Re: Talk of courses and discussions

From: Phil Chappell (
Date: Mon Jun 06 2005 - 08:14:23 PDT

On 06/06/2005, at 5:44 AM, Kevin Rocap wrote:

> One thought for me is that CHAT could help serve an integrative
> function with regard to these others, no?

Hi Kevin,

That has been my interest in CHAT since the time I discovered that
Chomsky, and later Pinker et. al. weren't going to help answer my
questions from the language classroom. I guess we need to ask how we
might go about any sort of systematic inquiry into power relations as
you mention? I recall the paper by Carolyn Panofksy (in an earlier
discussion on xmca - see the readings site - as offering some
interesting insights into just this issue, and although I have
re-thought the relevance of aspects of systemics for this issue, I
wrote then:

"With habitus and social spaces as tools for analyzing, or
unpacking, social interaction in the classroom, we have at our disposal
a powerful means to seek out the unfolding power relations in classroom
activity and discourse. However, exactly how we can grasp the
differences that emerge through interaction and say meaningful things
about them that will inform practice is still a hazy concept, unless we
continue with Bourdieu's thinking and conceptualise a language that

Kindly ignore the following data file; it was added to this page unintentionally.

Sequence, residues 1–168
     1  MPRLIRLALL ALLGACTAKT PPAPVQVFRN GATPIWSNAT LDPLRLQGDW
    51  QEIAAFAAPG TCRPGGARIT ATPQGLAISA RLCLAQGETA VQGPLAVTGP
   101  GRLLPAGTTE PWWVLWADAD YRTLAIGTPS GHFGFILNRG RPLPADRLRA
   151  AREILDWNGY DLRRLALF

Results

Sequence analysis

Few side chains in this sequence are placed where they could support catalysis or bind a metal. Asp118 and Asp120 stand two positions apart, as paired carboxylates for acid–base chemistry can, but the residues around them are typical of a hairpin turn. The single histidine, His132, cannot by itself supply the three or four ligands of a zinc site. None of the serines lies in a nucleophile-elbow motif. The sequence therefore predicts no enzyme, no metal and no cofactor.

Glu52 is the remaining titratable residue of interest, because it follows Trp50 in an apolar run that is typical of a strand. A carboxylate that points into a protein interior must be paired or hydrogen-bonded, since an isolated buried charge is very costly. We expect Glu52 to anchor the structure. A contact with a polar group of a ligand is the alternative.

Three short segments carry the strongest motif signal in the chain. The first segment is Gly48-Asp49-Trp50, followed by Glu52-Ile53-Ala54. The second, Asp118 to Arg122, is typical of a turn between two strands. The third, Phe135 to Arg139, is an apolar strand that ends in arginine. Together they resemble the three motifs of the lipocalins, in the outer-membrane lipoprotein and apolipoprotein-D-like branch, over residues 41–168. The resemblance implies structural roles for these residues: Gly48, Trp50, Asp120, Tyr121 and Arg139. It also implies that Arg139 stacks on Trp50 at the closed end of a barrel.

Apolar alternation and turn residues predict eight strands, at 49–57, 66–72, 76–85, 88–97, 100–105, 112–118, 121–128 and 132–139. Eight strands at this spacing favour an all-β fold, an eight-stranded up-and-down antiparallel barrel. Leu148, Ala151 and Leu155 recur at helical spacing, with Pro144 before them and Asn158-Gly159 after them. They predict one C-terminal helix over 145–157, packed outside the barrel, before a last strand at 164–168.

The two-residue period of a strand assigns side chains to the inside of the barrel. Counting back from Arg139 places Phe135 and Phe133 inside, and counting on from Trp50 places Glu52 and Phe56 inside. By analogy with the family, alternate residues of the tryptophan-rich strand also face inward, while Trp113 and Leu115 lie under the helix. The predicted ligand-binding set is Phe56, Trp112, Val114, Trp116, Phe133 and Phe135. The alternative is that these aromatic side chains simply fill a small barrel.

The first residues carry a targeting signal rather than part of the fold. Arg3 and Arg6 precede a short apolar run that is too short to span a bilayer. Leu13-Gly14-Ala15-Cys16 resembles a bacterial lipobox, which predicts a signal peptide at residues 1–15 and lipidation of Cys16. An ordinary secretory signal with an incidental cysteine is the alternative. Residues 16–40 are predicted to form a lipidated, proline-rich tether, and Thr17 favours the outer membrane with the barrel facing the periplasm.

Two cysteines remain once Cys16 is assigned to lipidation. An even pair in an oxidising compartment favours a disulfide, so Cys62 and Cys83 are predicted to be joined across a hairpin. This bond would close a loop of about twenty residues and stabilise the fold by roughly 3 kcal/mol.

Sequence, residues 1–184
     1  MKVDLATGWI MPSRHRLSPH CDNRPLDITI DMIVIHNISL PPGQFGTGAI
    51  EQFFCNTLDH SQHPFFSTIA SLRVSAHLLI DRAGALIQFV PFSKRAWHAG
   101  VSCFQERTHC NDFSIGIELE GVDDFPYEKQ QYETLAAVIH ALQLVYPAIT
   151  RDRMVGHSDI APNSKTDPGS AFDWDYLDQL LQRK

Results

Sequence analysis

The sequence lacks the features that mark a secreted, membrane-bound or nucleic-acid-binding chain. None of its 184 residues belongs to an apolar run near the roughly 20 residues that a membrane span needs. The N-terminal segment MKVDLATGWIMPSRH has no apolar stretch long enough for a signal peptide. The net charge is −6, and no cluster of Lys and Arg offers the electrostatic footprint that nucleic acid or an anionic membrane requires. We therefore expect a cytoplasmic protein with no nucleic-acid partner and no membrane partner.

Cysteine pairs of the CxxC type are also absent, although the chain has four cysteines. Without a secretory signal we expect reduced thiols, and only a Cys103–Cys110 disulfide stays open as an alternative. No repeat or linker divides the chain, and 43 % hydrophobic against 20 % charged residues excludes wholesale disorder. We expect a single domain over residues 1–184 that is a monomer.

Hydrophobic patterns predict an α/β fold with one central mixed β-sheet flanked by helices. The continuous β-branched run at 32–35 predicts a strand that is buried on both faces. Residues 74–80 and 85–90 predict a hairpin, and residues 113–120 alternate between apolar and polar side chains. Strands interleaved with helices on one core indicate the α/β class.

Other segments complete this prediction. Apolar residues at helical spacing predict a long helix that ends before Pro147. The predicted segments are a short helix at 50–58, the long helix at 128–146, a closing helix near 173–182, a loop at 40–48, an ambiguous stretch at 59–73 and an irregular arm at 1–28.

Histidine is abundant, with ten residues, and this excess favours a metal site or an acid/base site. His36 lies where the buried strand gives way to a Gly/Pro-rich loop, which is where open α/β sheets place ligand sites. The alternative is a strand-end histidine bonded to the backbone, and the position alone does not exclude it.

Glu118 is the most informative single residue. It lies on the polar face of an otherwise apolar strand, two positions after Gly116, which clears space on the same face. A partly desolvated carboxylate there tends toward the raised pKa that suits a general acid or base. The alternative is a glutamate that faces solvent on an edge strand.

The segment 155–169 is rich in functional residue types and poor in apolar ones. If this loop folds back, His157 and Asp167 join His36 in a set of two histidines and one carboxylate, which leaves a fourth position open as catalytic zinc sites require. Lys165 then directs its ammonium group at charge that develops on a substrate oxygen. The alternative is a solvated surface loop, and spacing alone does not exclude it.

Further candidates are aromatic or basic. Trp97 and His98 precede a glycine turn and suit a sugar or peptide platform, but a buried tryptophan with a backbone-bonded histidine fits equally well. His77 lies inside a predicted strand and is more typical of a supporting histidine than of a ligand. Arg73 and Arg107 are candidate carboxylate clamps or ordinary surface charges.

will reflect the meanings of power relations. Bourdieu (1998), in fact,
makes a claim for symbolic differences , which, as the term implies,
offers a promise of a semiotic that can be negotiated. The following
extract makes this point quite clearly:

[T]he essential point is that, when perceived through these social
categories of perception, these principles of vision and division, the
differences in practices, in the goods possessed, or in the opinions
expressed become symbolic differences and constitute a veritable
language . P. 8

Lemke (1995) adds to this ‘veritable language' the notion of body hexis
  to explain Bourdieu's notion that sociocultural dispositions are
embodied (Lemke, 1995, p. 32). As Lemke notes, this idea of habitus ,
that peoples' perceptions, reactions, habits, preferences, attitudes,
dispositions to actions and discourse are embodied relieves us of the
Cartesian split between mind and body, and allows us to view
relationships within social interactions as embodied: “Cultural habitus
for Bourdieu is an embodied system of sociologically structured and
structuring dispositions” (Lemke, 1995, p. 33)."


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